The Dangers of Dental Damage and Aggressive Tooth Brushing By Jon Marc Van Slate DDS on August 01, 2017

A toothbrush and dental mirrorBrushing the teeth is essential for good oral health, but aggressive tooth brushing can lead to serious dental damage. Fortunately, Dr. Jon Marc Van Slate offers a variety of restorative dentistry treatments to repair dental damage caused by oral health issues like aggressive tooth brushing. But what exactly is aggressive tooth brushing?

Aggressive tooth brushing can be described as brushing the teeth with a great deal of pressure, or using a toothbrush with medium or hard bristles. Now that you know what aggressive tooth brushing is, you may be wondering if you've been guilty of this bad habit and how it can damage the teeth. Find out as we take a closer look at dental damage and aggressive tooth brushing. Contact our Houston, TX practice to discuss your concerns.

The Signs of Aggressive Tooth Brushing

One of the biggest indicators of aggressive tooth brushing is flattened toothbrush bristles. This occurs because brushing with too much pressure pushes the bristles back, causing them to flatten over time.

Another sign of aggressive tooth brushing is a receding gum line. Medium or hard bristles, combined with heavy pressure, can push the gums back, causing gum recession.

Aggressive Tooth Brushing Can Lead to Dental Damage

Aggressive tooth brushing is highly abrasive and destructive to the teeth. If you are aggressively brushing your teeth, you may be at risk for such dental damage as:

  • Enamel wear: Aggressive tooth brushing can wear away the enamel if steps aren't taken to stop incorrect brushing technique. Enamel wear is a serious concern because a loss of enamel leaves the teeth vulnerable to decay.
  • Gum recession: Although gum recession is an issue that directly impacts the gums, it can lead to dental damage. Gum recession results in gaps between the gums and teeth, allowing bacteria to reach areas of the teeth beneath the gum line, like the tooth roots. Gum recession can also lead to loose teeth or tooth loss.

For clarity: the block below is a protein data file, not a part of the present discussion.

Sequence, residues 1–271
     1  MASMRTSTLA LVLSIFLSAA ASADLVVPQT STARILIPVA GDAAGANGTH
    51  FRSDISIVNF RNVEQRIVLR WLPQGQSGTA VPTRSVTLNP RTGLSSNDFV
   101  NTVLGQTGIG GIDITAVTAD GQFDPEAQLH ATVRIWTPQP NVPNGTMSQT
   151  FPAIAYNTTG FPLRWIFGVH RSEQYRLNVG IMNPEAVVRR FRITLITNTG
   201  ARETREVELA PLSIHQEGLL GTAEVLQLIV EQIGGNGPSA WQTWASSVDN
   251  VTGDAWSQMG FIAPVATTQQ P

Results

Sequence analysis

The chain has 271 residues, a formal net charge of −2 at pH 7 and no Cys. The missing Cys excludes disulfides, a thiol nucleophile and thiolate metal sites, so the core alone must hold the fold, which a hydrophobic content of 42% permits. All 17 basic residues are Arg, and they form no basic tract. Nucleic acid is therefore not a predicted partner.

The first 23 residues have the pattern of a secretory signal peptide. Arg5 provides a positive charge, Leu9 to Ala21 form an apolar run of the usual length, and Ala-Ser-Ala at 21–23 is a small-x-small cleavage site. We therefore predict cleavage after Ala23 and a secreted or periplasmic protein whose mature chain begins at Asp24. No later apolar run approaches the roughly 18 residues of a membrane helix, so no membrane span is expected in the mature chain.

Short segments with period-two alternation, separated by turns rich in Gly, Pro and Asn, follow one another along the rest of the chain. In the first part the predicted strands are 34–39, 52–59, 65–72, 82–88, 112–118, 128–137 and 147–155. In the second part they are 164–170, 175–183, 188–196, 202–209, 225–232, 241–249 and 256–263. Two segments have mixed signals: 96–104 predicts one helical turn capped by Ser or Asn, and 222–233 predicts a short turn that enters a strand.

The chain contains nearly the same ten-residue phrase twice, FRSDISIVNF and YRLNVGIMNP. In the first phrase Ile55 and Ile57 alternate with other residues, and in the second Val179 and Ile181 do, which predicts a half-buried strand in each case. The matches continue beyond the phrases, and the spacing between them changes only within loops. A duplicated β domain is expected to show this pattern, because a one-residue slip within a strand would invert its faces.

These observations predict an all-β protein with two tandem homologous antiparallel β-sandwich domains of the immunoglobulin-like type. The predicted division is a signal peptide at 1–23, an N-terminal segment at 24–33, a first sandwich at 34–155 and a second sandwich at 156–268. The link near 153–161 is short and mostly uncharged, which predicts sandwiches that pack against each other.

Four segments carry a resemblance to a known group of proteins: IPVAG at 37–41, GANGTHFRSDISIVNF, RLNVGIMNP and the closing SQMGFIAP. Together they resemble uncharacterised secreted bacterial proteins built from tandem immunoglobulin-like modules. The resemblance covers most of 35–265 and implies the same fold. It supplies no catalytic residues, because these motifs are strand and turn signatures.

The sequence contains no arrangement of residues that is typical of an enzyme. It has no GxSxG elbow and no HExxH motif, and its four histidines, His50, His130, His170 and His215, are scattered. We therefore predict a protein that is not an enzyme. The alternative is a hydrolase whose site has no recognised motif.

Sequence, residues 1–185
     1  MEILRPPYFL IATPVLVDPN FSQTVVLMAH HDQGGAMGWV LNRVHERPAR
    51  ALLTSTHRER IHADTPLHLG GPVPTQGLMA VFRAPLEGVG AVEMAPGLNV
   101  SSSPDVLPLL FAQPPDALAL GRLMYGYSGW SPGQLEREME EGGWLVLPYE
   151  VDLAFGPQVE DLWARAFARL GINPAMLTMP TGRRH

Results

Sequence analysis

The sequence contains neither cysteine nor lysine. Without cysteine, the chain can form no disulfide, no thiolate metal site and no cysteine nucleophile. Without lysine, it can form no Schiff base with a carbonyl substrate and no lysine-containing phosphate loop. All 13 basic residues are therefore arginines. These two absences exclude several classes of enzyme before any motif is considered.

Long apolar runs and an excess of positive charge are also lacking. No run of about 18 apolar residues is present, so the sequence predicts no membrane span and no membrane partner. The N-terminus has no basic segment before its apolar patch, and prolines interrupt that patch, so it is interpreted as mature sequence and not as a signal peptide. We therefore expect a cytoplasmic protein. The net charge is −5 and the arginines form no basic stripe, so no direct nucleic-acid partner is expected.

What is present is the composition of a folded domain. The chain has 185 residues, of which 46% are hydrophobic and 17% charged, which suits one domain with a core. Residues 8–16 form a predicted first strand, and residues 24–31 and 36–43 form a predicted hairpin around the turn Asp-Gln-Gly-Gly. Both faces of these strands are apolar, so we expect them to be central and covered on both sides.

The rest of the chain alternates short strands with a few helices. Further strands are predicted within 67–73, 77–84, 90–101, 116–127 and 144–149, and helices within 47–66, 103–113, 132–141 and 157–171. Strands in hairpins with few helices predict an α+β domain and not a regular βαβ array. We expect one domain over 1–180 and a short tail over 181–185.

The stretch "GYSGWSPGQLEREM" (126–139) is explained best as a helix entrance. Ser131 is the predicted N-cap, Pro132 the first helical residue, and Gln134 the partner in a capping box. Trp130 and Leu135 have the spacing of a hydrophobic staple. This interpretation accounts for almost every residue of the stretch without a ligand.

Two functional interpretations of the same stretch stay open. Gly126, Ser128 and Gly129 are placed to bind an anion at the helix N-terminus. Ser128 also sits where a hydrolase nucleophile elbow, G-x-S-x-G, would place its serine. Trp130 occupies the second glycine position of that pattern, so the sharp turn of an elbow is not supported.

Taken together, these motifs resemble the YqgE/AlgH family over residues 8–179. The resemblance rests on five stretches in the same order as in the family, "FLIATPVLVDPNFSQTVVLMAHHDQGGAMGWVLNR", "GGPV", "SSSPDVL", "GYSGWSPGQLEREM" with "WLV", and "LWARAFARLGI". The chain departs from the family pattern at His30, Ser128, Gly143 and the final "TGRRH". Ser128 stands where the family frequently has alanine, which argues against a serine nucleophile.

• Increased tooth sensitivity: The teeth may become increasingly sensitive the longer aggressive brushing occurs. Aggressive brushing can lead to tooth sensitivity as a result of enamel wear or gum recession. Both enamel wear and gum recession can expose the dental nerves housed within the teeth to outside factors, like temperature fluctuations, that can cause pain.
  • Tooth decay: Once aggressive tooth brushing wears away the enamel, tooth decay can occur. If left untreated, tooth decay may lead to root canal infections and tooth loss.

How to Avoid Aggressive Tooth Brushing

Aggressive tooth brushing may seem like it's the ideal way to clean the teeth, but it's actually very harmful to dental health and not necessary to effectively remove plaque from the teeth. Plaque is soft and may be effectively removed with light pressure, a soft-bristled toothbrush, and good brushing techniques. Follow these brushing techniques to avoid aggressive brushing and maintain a healthy smile.

  • Use small, circular strokes: To effectively remove plaque without damaging the enamel, it is important to use small, circular strokes instead of a back and forth motion.
  • Switch to a soft-bristled toothbrush: If you use a toothbrush with medium or hard bristles, switch to a soft-bristled toothbrush. Using a soft-bristled toothbrush can help reduce abrasion and prevent enamel wear.
  • Don't tense your hand or shoulders: Brushing the teeth with a tense hand or shoulder can be an indication of using too much pressure to brush the teeth. Instead, relax the hand and shoulders while brushing to avoid damaging the teeth.

Schedule a Consultation

To learn more about aggressive tooth brushing and dental damage, or to find out which dental treatments are right for you, we welcome you to schedule a consultation with Dr. Van Slate.

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Dr. Van Slate

Dr. Jon Marc Van Slate Augusta Drive Dental Care

Dr. Van Slate and his team are dedicated to upholding the highest standards in dental care. They are affiliated with several prestigious organizations:

  • American Academy of Cosmetic Dentistry
  • Academy of General Dentistry
  • American Dental Association
  • American Academy of Implant Dentistry
  • IAPA-International Association of Physiologic Aesthetics

To schedule your consultation, contact us online or call us today at (713) 783-1993.

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